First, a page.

X-fire wasn’t like normal fire, the damage it caused so extensive and deep it wasn’t always possible to totally repair. Henry, he saw, had lost his legs, part of an arm. The limbs must have been brushed by the cold fire and disintegrated before the former Councilor was ’ported out. Part of his stomach was visible through the medical gown, the teak color of his flesh appearing to be merged with the melted and bubbled black of some kind of plas. His face was relatively unscathed—except for the burn across his cheek and mouth that had taken his lips. Perhaps enough of a change to stop a teleporter who locked on to people as well as places, if Henry’s shields hadn’t been so strong.
Seeing this would disturb Sienna Lauren.
It was an abrupt thought, about a girl he’d met only once—when he’d reported in to Ming as an eighteen-year-old newly minted Arrow. She’d been a child, with a look in her eyes he’d recognized on a visceral level. His response to her had been one of the first signs that he wasn’t Patton and never would be, the knowledge a gift that had allowed him to survive this long.
Now, having been watching the heart monitor, he glanced down … to see the former Councilor’s eyes staring up at him.
“No,” Henry rasped, his vocal cords clearly scorched.
“Any chance that we may have let you be,” Vasic said, “was lost when you attempted to destroy the Net itself.” The Arrows would not let anyone shatter the Net.
Reaching out with the part of his mind that wasn’t as elegant as his teleportation ability, but worked as well, he snapped Henry’s neck even as he unplugged the machines monitoring the other Psy’s broken body. The use of Tk was negligible, the effect catastrophic. Henry died in the silence he’d wanted to create in the Net, and Vasic stood guard until the former Councilor’s body was cold to the touch, with no hope of revival.
He teleported to the headland to find Aden seated on a bench someone had placed there so long ago, it had become part of the landscape. “It’s done.” Shoving back the hood of his cloak, he walked to the very edge of the cliff, the shimmering fire of the sky speaking of a luminous sunrise. “We must find and eliminate Vasquez to completely disable the Pure Psy machinery.”
“Vasquez is smarter than Henry.”
“We’ll find him.” Arrows always found those they hunted.
“I won’t let you die, Vasic.” Aden’s voice was quiet.
Vasic didn’t answer, but they both knew Aden couldn’t stop him. Once Vasic had paid his debts, once the Net was safe, all he wanted was peace. Forever.
EMOTIONALLY BATTERED BY a tender, haunting night that had been followed by the possessive wildness of her lone wolf’s loving when morning broke—a loving she hadn’t been able to resist, even knowing it was wrong—the last person Adria anticipated seeing when she opened her door to a knock a few hours later, was Martin.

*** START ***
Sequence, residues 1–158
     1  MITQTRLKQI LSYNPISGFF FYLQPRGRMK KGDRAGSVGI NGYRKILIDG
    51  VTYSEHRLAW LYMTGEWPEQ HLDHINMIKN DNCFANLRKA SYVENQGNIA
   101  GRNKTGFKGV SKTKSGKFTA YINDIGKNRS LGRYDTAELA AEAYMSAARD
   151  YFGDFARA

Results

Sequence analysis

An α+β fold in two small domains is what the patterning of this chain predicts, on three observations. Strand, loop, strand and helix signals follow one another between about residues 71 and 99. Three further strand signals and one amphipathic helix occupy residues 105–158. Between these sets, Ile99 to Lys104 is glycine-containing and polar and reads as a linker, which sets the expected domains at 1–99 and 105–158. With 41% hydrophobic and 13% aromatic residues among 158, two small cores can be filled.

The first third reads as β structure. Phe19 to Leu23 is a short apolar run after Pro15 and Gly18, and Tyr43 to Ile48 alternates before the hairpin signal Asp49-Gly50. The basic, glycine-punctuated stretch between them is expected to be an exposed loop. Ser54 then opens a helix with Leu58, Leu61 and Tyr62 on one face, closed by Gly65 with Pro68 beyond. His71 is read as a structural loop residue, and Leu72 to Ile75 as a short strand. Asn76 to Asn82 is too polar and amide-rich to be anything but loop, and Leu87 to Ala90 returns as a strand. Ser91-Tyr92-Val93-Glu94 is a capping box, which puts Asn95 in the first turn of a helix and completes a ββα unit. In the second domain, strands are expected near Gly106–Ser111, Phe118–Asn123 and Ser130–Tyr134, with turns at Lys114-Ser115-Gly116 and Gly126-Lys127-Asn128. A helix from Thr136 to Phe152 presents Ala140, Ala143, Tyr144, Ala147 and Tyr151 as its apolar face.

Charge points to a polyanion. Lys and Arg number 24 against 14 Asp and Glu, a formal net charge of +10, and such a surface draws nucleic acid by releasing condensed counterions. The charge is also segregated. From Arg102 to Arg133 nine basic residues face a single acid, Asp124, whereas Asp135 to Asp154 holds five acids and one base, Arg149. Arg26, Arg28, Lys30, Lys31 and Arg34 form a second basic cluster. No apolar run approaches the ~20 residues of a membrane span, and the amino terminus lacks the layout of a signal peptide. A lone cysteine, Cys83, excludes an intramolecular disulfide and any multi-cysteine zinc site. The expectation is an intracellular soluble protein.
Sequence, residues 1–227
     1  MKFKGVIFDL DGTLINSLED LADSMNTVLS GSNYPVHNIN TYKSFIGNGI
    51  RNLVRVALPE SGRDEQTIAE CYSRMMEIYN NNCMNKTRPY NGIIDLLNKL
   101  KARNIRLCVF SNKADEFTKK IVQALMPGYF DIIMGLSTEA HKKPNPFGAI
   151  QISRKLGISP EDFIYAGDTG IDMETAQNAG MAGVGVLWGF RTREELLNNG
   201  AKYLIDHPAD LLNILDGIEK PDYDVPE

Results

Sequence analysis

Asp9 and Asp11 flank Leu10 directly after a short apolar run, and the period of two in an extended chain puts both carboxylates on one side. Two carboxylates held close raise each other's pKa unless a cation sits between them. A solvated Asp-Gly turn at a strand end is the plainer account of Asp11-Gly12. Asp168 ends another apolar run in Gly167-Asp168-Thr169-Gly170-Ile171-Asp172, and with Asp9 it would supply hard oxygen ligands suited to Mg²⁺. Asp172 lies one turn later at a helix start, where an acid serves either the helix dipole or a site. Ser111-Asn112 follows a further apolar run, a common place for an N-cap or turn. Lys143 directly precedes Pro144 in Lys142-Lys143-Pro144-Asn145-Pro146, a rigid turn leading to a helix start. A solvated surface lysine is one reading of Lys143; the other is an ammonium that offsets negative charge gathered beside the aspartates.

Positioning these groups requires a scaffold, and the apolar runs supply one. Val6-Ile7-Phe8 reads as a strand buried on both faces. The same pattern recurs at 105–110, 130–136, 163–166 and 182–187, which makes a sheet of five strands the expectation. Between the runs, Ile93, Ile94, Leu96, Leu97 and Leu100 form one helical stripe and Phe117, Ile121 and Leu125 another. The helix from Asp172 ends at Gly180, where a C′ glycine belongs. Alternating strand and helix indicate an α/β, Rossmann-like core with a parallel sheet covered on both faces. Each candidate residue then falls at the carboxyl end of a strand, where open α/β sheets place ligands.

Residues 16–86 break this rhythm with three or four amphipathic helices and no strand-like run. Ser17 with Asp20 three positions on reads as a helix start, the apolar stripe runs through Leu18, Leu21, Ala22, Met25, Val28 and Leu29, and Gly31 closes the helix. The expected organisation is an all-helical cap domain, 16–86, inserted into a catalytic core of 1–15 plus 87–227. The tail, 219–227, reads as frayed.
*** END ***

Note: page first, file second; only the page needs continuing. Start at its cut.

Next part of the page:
Too stunned to speak, she just stared at the sandy-haired man who had once been her lover. She didn’t know what she’d expected if they did ever meet again, but it wasn’t this muted sense of loss, slivers of memory floating through her mind. As if he’d been part of another lifetime.
“What are you doing here?” she finally asked, searching for but not finding whatever it was that had drawn her to him so long ago. In spite of the pain he’d caused her, she knew that in the final calculation, he wasn’t a bad person—it was simply that there was no strength in him, and she needed that in her man.
“I wanted to talk,” he said in a hesitant voice, his hazel eyes uncertain. “I won’t blame you if you say no, but I’m asking.”
Stepping out, she closed the door behind herself, the cell phone she’d returned to the room to retrieve in hand. “Let’s walk outside.” No matter what the status of her relationship with the black wolf who refused to allow her to set him free, she couldn’t, wouldn’t, have Martin’s scent inside her room. It would be a betrayal.
Martin didn’t say anything until they were in a part of the forest that overlooked the lake closest to the den, its waters smooth as glass today. Several packmates walked along the water’s edge, played in the shallows in wolf form, or sat on the pebbled shore, but there was no one nearby, no chance anyone would overhear their conversation.
Leaning up against a sturdy young cedar, she ran her gaze over Martin. He was … different, the changes subtle but present. As if he, too, had been broken and put back together, his face holding a maturity it hadn’t had the day she’d slammed the door in his face. And his eyes, they were turbulent with emotion when they met her own. “I came to say what I should have a year ago.”
Still unsure about where this was going, she simply waited.
“I’m sorry, Adria.” Stark words, his expression devoid of pretence, of the stiff dignity that had always been his armor. “Sorry for being a bastard and sorry for not having the guts to face up to what I was doing to us.”
It wasn’t anything she’d ever expected to hear, but she had the words to answer him. “Thank you for saying that.” It meant something that he’d made the effort to find her, to speak an apology she knew couldn’t have come easily. “But it wasn’t all your fault—I played my part.”
“Don’t,” he whispered. “Don’t absolve me of blame I full well know I deserve.”
“I’m not,” she said, because she understood the courage it took to face your own failings, and she would not belittle Martin’s.